GrantChapmanRichardson1992

Référence

Grant, J.W.A., Chapman, C.A. and Richardson, K.S. (1992) Defended versus undefended home range size of carnivores, ungulates and primates. Behavioral Ecology and Sociobiology, 31(3):149-161. (Scopus )

Résumé

We tested the hypothesis that undefended home ranges are larger than defended home ranges using data collected from the literature for three groups of mammals. A matched-pairs analysis of populations within species or species within genera showed that undefended home ranges were larger than defended home ranges for carnivores and male ungulates, but not for primates. Primates may have been an exception because they violated a key assumption of the hypothesis, that defence costs increase with the size of the defended area. Undefended home ranges were 5.4 and 15.2 times larger than defended home ranges for carnivores and male ungulates, respectively. Whether or not a home range is defended is an important source of variation that should be included in future studies of home range size. © 1992 Springer-Verlag.

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@ARTICLE { GrantChapmanRichardson1992,
    AUTHOR = { Grant, J.W.A. and Chapman, C.A. and Richardson, K.S. },
    TITLE = { Defended versus undefended home range size of carnivores, ungulates and primates },
    JOURNAL = { Behavioral Ecology and Sociobiology },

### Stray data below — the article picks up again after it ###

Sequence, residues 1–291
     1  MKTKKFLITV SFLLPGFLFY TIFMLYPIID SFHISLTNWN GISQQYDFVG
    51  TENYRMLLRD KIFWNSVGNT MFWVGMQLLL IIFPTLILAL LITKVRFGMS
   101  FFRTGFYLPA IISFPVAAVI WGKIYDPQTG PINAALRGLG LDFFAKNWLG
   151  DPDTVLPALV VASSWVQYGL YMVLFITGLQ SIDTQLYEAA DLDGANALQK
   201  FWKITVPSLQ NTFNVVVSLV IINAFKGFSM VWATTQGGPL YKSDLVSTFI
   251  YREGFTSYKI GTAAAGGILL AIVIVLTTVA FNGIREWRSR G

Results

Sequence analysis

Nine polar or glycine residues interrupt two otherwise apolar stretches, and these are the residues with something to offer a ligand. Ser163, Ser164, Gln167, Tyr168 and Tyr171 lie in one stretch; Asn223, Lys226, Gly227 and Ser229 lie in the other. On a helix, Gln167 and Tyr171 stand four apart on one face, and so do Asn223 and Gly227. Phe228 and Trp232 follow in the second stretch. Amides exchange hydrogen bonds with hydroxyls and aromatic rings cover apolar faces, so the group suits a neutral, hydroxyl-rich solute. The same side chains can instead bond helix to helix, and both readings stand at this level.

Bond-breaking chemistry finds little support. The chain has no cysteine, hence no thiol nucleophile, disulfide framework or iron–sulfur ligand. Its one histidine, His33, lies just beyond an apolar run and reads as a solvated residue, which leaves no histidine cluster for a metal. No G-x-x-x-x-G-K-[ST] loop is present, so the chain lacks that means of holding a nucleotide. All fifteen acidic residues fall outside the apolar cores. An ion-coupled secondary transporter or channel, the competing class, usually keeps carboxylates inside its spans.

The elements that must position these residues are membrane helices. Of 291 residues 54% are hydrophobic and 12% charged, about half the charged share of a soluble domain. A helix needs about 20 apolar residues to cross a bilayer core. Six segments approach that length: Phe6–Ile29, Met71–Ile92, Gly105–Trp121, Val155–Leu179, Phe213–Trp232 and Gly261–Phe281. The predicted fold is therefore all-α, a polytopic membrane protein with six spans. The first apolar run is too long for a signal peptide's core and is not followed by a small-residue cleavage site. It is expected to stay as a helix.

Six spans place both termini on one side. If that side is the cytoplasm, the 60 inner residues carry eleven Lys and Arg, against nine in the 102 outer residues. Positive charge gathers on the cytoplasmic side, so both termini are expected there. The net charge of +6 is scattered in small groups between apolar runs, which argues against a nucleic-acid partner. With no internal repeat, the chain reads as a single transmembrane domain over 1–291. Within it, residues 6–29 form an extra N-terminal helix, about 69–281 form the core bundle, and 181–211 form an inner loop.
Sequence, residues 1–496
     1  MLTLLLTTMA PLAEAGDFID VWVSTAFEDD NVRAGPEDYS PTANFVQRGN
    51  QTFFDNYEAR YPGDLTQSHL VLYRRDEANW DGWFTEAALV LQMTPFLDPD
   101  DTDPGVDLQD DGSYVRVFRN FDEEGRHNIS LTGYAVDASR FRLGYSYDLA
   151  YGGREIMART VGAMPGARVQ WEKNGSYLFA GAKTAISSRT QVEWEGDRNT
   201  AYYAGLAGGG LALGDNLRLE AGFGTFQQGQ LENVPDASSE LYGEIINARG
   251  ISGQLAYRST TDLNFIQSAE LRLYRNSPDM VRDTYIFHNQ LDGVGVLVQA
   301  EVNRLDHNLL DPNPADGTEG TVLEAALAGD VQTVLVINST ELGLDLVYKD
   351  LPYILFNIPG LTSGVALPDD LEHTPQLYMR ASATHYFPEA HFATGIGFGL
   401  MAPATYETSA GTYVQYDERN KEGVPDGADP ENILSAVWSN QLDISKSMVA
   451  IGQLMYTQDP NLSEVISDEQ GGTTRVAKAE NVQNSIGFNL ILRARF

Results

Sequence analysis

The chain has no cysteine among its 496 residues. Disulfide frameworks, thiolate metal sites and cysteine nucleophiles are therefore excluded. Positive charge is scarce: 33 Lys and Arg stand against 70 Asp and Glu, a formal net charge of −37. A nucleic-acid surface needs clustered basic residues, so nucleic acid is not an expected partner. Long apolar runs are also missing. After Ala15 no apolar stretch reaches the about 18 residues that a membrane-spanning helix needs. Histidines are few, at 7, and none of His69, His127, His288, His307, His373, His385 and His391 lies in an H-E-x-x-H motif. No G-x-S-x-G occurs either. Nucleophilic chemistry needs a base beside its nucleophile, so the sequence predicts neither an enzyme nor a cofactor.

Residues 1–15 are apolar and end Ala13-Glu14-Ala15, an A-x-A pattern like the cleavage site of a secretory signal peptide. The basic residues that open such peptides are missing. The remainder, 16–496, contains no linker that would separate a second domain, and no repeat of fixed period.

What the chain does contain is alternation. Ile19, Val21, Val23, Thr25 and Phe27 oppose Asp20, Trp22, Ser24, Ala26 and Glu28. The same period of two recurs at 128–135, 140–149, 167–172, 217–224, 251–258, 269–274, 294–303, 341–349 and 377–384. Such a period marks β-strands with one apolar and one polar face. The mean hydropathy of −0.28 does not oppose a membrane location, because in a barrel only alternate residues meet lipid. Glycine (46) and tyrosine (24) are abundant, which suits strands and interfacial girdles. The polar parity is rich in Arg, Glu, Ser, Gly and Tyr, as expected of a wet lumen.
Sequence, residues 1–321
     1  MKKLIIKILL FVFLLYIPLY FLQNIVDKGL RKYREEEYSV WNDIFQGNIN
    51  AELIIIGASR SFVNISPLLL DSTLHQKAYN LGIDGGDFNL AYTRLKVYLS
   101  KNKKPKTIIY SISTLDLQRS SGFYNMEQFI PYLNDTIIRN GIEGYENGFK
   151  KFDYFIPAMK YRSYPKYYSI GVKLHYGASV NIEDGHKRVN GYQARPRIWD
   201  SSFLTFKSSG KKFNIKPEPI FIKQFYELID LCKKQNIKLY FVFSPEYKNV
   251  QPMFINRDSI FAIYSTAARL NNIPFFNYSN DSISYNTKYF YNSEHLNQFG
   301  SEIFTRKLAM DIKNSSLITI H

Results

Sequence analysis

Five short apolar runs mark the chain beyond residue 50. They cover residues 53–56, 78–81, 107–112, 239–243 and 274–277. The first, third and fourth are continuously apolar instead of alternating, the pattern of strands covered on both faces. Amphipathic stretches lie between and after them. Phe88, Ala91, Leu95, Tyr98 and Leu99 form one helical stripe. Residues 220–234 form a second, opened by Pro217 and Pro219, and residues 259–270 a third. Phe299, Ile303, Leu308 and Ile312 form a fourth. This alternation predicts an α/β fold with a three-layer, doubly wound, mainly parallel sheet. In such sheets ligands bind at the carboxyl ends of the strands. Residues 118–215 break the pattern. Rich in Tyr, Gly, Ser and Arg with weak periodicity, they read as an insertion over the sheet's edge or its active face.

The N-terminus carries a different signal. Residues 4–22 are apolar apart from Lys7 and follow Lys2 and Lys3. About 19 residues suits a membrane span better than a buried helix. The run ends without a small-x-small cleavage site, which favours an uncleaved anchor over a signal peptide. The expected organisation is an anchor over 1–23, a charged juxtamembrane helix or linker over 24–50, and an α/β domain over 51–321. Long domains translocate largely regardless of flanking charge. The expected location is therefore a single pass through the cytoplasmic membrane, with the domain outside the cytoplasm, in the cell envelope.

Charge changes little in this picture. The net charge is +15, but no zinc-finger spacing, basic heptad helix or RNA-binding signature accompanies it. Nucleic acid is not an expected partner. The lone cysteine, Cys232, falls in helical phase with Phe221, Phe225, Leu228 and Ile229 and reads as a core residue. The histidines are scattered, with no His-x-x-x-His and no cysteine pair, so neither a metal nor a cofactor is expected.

YEAR = { 1992 },
    VOLUME = { 31 },
    PAGES = { 149--161 },
    NUMBER = { 3 },
    __MARKEDENTRY = { [Luc:6] },
    ABSTRACT = { We tested the hypothesis that undefended home ranges are larger than defended home ranges using data collected from the literature for three groups of mammals. A matched-pairs analysis of populations within species or species within genera showed that undefended home ranges were larger than defended home ranges for carnivores and male ungulates, but not for primates. Primates may have been an exception because they violated a key assumption of the hypothesis, that defence costs increase with the size of the defended area. Undefended home ranges were 5.4 and 15.2 times larger than defended home ranges for carnivores and male ungulates, respectively. Whether or not a home range is defended is an important source of variation that should be included in future studies of home range size. © 1992 Springer-Verlag. },
    ADDRESS = { Department of Anthropology, Peabody Museum, Harvard University, Cambridge, 02138, MA, United States },
    COMMENT = { Cited By (since 1996):50 Export Date: 14 February 2014 Source: Scopus },
    OWNER = { Luc },
    TIMESTAMP = { 2014.02.14 },
    URL = { http://www.scopus.com/inward/record.url?eid=2-s2.0-0027047473&partnerID=40&md5=a945b85d6370d48841f75da1d9a0621b },
}

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